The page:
I have to admit that I have been in many social situations where I’ve listened to racist slurs and stayed silent. I grew up hearing a lot of Trump-esque blustering about all sorts of people and while I never condoned it, I often remained quiet. And when I think about that, I feel ashamed.
I was playing the role I was taught to play. I’d been instructed to smile and “let it go” because they “didn’t mean any harm.” Same went for sexism and misogyny. For a long time, I believed that was (mostly) true. They were basically good people who just had some ignorant ideas. But the thing is, that’s bullshit. I’ve experienced the real-life repercussions of female objectification. I know it’s harmful, intentionally or not. Sweeping generalizations lead to dehumanization. And dehumanizing people is a necessary precursor to accepted violence against them.
I am part of the problem if I can’t address my own discomfort and speak up. Yes, those conversations are awkward. Yes, there are going to be people who are offended by “reverse racism” and “political correctness.” Offending those who disregard others’ humanity is a laughably small price to pay for promoting human equality.
While I cannot change the institutions or systemic racism that exists in this country, I can use my racial privilege to speak up. When I hear friends, acquaintances or relatives make casually racist comments in conversation I can call them out. When I hear sweeping general statements about Blacks, Mexicans, Gays, Jews, Muslims or Immigrants I can point out the ignorance of those statements. I know and love individuals in my life that fall in every one of those categories. And every one of them would stand up for me if they were called to.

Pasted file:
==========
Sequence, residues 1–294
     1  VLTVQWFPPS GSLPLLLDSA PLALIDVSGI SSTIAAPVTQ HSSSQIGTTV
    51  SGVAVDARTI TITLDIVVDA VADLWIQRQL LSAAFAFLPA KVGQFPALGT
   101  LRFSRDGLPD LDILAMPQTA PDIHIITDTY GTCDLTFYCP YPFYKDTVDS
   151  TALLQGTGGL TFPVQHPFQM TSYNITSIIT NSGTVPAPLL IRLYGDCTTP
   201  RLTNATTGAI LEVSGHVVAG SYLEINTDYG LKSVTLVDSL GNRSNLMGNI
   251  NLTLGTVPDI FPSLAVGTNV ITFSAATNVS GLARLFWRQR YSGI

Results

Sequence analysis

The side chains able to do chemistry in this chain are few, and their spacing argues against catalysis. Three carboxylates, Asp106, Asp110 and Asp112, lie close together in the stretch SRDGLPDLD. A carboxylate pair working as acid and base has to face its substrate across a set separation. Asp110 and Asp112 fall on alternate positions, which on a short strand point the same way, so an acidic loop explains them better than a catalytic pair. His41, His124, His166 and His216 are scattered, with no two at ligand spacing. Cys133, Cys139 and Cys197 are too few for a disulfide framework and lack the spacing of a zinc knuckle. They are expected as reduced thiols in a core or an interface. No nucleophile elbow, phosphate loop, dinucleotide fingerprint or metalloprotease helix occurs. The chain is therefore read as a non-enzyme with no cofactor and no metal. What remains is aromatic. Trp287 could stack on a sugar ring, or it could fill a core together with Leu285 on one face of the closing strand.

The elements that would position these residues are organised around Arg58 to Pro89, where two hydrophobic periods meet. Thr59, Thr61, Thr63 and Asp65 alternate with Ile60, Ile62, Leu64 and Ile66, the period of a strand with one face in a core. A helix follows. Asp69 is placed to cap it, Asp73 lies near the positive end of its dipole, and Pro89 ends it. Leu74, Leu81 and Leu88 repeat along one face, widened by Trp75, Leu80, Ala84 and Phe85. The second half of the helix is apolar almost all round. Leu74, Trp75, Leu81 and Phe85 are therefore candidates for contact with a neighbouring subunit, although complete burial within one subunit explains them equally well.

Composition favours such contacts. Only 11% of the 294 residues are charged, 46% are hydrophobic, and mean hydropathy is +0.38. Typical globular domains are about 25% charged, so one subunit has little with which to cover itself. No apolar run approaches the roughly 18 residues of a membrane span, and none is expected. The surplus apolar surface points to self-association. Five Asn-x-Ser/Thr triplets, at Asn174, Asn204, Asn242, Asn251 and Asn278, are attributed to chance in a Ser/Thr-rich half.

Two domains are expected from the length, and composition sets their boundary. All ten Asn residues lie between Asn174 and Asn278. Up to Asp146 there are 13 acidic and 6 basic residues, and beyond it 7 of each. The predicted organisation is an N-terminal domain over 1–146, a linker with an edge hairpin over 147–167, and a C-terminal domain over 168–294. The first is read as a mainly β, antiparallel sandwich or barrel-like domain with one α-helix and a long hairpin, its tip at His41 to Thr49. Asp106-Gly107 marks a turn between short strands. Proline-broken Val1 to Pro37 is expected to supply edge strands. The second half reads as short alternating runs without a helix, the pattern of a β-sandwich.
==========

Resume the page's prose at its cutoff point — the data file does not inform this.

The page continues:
There is no question that we as a society cannot tolerate anyone flagrantly disregarding the rule of law, even and especially not those tasked with upholding it. We cannot ignore an ugly, racist history that has enmeshed itself at an institutionalized level. And we cannot pretend that it is a problem for black and brown people to address and fix. They did not create the institutions that continue to oppress and kill them.
When we stop seeing people as belonging to categories of other, and instead see them as individuals—friends—with the same hopes and dreams as us we can’t help but feel differently about the injustices they endure.
We see ourselves as good people. And no good person would stand idly by as friends or family were casually berated, unfairly targeted or murdered. If it happened to someone who looked like us we would be outraged and expect justice. We would not blame them for the violence against them.
So what can we do about the constant barrage of bigotry and fear-mongering seeking to demonize the victims of systemic racism? We can engage in uncomfortable conversations. We can ask questions. We can listen to people of color talk about their experiences. We can seek out conversations with people who think and believe differently from ourselves. We can put ourselves in someone else’s shoes and think, “If that were me, how would I feel?” We can behave like friends and stand up for people we care about.
We can choose to live our lives with empathy and love. We can speak out against injustice. We can change the way our society treats its citizens, one interaction at a time.